RealClearHealth Morning Scan -- 03/24/2016

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NFL's Concussion Research Is Deeply Flawed
Schwarz, et al., NYT
For the last 13 years, the N.F.L. has stood by the research, which, the papers stated, was based on a full accounting of all concussions diagnosed by team physicians from 1996 through 2001. But confidential data obtained by The Times shows that more than 100 diagnosed concussions were omitted from the studies — including some severe injuries to stars like quarterbacks Steve Young and Troy Aikman. The committee then calculated the rates of concussions using the incomplete data, making them appear less frequent than they actually were.

The Word 'Hijack' May Tell It All in Zubik Case
Denniston, SCOTUSblog
“Hijacking” is what a long list of religious institutions that object for reasons of faith to contraceptive methods have used to describe what they say the federal government will do to their health-care plans as it moves toward providing free birth control to those institutions’ female employees and college students. And, if there was a startling moment during the ninety-four-minute hearing on Zubik v. Burwell, it came when Justice Anthony M. Kennedy deployed that word in obvious sympathy to those institutions.

Contraception Case Could Could Have Wide Impact
Caitlin Owens, MC
Liberal Supreme Court justices said Wednesday that altering Obamacare’s contraceptive coverage mandate could have implications that ripple far beyond health care and birth control. If the petitioners win the case, it could profoundly curtail the way many laws — from the military draft to the tax code — are written and implemented.

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Preserve Medicare Advantage to protect those with chronic conditions who need the quality, coordinated care it provides. Learn more.

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Med Students Sidelined Despite Doc Shortage
Gunderman, Conversation
Last year, 52,860 U.S. and international medical graduates applied for residency positions in the U.S., yet only 26,252 actually matched into a program. The painful irony is that the U.S. now faces a substantial shortage of physicians, which is on track to worsen in the decades to come. Increased demand for physicians is driven by advances in medical science and technology, population growth and an aging population that uses more medical care. A study by the Association of American Medical College predicts that by 2025, the U.S. will face a shortfall of between 46,000 and 90,000 physicians.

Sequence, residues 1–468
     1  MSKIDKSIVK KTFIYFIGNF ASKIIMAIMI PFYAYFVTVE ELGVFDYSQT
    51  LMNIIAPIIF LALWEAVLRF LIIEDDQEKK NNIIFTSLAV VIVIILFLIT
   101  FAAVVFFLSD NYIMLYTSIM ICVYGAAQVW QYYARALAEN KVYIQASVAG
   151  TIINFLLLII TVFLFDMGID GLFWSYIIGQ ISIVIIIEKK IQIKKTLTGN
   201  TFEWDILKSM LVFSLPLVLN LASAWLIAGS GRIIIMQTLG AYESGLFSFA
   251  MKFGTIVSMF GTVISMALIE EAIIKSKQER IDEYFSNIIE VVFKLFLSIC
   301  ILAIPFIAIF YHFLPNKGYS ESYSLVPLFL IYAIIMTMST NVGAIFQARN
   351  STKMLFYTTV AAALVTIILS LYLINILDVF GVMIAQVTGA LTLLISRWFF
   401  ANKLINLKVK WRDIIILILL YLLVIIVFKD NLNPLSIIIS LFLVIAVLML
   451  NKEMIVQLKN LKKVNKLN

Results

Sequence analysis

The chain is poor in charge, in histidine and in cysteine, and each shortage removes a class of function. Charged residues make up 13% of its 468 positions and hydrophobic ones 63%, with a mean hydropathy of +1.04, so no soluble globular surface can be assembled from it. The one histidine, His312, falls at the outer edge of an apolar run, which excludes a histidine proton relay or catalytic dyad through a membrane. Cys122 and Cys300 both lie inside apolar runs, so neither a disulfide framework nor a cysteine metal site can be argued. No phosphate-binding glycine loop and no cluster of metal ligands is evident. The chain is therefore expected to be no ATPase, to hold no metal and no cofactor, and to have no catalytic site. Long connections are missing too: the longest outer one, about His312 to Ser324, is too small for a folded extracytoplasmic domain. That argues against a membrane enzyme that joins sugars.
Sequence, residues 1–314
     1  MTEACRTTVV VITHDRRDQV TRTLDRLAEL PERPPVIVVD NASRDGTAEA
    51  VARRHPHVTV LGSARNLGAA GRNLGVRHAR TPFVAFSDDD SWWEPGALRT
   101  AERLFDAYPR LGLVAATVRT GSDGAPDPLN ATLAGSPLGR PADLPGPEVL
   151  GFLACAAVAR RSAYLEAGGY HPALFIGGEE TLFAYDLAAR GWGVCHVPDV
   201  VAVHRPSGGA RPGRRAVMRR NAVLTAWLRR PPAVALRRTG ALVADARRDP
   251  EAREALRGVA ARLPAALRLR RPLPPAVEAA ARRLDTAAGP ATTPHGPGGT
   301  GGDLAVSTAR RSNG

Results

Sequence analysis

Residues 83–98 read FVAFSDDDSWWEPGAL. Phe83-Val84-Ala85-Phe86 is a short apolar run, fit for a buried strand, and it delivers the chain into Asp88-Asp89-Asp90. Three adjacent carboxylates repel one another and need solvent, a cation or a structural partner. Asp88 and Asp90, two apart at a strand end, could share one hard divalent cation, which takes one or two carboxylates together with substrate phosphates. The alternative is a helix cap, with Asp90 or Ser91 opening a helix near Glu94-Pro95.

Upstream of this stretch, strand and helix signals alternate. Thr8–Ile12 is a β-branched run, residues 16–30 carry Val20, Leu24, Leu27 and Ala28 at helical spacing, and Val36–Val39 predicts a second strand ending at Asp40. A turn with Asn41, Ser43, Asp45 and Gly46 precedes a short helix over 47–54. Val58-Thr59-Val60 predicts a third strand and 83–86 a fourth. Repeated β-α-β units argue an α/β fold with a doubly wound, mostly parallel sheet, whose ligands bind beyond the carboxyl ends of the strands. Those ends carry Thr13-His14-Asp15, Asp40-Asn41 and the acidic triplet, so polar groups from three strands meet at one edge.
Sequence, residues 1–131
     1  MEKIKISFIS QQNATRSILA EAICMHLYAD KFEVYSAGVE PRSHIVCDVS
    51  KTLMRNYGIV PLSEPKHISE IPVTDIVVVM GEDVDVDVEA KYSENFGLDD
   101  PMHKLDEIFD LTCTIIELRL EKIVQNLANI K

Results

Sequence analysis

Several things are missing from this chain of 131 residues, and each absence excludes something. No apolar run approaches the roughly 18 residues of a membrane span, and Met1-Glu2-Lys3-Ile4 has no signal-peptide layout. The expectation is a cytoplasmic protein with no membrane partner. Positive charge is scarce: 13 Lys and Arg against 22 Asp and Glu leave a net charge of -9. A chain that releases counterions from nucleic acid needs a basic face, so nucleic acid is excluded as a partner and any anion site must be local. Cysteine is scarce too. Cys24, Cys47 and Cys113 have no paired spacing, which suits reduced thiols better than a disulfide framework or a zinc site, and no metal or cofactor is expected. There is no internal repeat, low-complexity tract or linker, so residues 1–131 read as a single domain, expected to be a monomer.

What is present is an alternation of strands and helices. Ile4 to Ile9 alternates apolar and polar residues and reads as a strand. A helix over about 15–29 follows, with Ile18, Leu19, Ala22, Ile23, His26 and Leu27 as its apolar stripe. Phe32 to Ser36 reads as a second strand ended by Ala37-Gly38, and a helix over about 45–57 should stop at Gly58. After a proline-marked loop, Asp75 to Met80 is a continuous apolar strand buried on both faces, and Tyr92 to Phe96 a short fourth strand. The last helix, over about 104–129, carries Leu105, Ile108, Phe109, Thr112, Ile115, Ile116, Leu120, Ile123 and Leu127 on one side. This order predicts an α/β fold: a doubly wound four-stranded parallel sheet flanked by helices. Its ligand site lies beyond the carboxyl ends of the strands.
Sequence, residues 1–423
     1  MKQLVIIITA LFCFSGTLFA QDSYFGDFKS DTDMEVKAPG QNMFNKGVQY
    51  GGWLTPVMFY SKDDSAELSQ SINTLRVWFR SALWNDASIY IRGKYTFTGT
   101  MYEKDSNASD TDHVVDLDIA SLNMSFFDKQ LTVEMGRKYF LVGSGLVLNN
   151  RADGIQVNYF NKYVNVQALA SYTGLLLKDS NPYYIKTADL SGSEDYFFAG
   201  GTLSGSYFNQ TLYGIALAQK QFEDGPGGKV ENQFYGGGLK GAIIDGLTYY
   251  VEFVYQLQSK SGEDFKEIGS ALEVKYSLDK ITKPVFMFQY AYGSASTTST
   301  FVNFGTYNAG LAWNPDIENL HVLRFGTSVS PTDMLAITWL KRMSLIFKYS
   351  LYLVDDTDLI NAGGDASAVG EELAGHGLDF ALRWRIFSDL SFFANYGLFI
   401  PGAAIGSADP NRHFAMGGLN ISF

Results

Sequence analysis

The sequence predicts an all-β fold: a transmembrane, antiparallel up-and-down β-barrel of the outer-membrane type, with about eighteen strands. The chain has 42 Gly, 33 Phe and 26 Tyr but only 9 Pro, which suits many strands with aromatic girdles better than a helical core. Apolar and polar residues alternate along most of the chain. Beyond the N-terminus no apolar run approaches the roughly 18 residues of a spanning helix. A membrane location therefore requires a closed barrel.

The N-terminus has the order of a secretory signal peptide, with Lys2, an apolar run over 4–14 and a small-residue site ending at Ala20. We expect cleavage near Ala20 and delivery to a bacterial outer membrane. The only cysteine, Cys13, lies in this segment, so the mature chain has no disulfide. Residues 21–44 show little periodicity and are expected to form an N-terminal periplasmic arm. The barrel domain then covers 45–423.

HIPAA Audits May Lead to Stronger Vendor Contracts
Conn, Mod. HC
The feds appear to be preparing to clamp down on the sometimes porous flow of patient data handled by contractors, whose security failures have been linked to the exposure of nearly 33 million individuals' medical records since 2009. These contractors, termed “business associates” under HIPAA, will be included as primary audit targets in the second round of HIPAA audits by HHS' Office for Civil Rights.

Ransomware Wreaking Havoc on Hospitals
Seung Lee, Newsweek
Last month, the Hollywood Presbyterian Medical Center in Los Angeles declared a state of emergency when hackers took its data hostage. The two-week standoff ultimately ended with the institution paying a $17,000 ransom. But for other hospitals in the United States and Canada, the troubles were just beginning.

Paul Allen Pledges $100M for Bioscience Research
Cha, Washington Post
Allen said his commitment grew out of a realization that the biological sciences are at a critical point in history, with technology now able to take the field in a more quantitative direction than ever before. New tools can manipulate DNA, next-generation microscopes measure and create images of the tiniest parts of living systems, and super-powerful computers are able to make sense of massive amounts of data.

Paying for Kidneys Might Boost Donor Rate
Steven Reinberg, HealthDay
If offered $50,000, nearly three out of five Americans would part with a kidney, a new study finds. "It appears that American society is ready to accept the concept of paying kidney donors," said lead researcher Dr. Thomas Peters, an emeritus professor of surgery at the University of Florida College of Medicine, in Jacksonville.

Congress Takes Recess Before Voting on Zika Funds
David Nather, Stat
Lawmakers left town Wednesday for their spring recess without voting on an emergency funding request for the Zika virus, as the Obama administration and congressional Republicans failed to resolve their disagreement over whether federal health agencies need more money to support research and preparedness.

Bill Targets Kids Born Dependent on Opioids
Shiffman & Wilson, Reuters
The bipartisan measure would require federal and state governments to do a better job of monitoring the health and safety of babies born drug-dependent. Last week – and also in response to the Reuters investigation – a similar bill moved to the Senate floor and the U.S. Health and Human Services Department pledged reforms.

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Millions are facing new cuts to Medicare Advantage that will undermine chronic care management for those who don’t qualify for both Medicare and Medicaid. That means fewer choices and higher costs. Proposed changes to Medicare Advantage should be delayed to find a solution that works for everyone. Learn more.

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